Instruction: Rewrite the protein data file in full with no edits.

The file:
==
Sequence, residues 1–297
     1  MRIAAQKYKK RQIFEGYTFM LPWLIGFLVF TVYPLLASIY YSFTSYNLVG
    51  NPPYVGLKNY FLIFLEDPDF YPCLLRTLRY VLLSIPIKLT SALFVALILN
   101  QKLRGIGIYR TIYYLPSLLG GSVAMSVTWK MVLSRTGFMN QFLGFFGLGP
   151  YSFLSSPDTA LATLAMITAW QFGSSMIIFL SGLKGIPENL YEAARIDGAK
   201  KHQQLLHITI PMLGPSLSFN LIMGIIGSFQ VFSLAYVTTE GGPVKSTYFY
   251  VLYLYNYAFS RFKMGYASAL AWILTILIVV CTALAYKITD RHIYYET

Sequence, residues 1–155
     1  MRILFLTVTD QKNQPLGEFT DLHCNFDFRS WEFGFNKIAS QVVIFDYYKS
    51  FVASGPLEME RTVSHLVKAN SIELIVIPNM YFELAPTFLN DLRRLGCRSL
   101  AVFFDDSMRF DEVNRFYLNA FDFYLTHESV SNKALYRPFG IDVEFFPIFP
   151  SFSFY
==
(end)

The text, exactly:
Sequence, residues 1–297
     1  MRIAAQKYKK RQIFEGYTFM LPWLIGFLVF TVYPLLASIY YSFTSYNLVG
    51  NPPYVGLKNY FLIFLEDPDF YPCLLRTLRY VLLSIPIKLT SALFVALILN
   101  QKLRGIGIYR TIYYLPSLLG GSVAMSVTWK MVLSRTGFMN QFLGFFGLGP
   151  YSFLSSPDTA LATLAMITAW QFGSSMIIFL SGLKGIPENL YEAARIDGAK
   201  KHQQLLHITI PMLGPSLSFN LIMGIIGSFQ VFSLAYVTTE GGPVKSTYFY
   251  VLYLYNYAFS RFKMGYASAL AWILTILIVV CTALAYKITD RHIYYET

Sequence, residues 1–155
     1  MRILFLTVTD QKNQPLGEFT DLHCNFDFRS WEFGFNKIAS QVVIFDYYKS
    51  FVASGPLEME RTVSHLVKAN SIELIVIPNM YFELAPTFLN DLRRLGCRSL
   101  AVFFDDSMRF DEVNRFYLNA FDFYLTHESV SNKALYRPFG IDVEFFPIFP
   151  SFSFY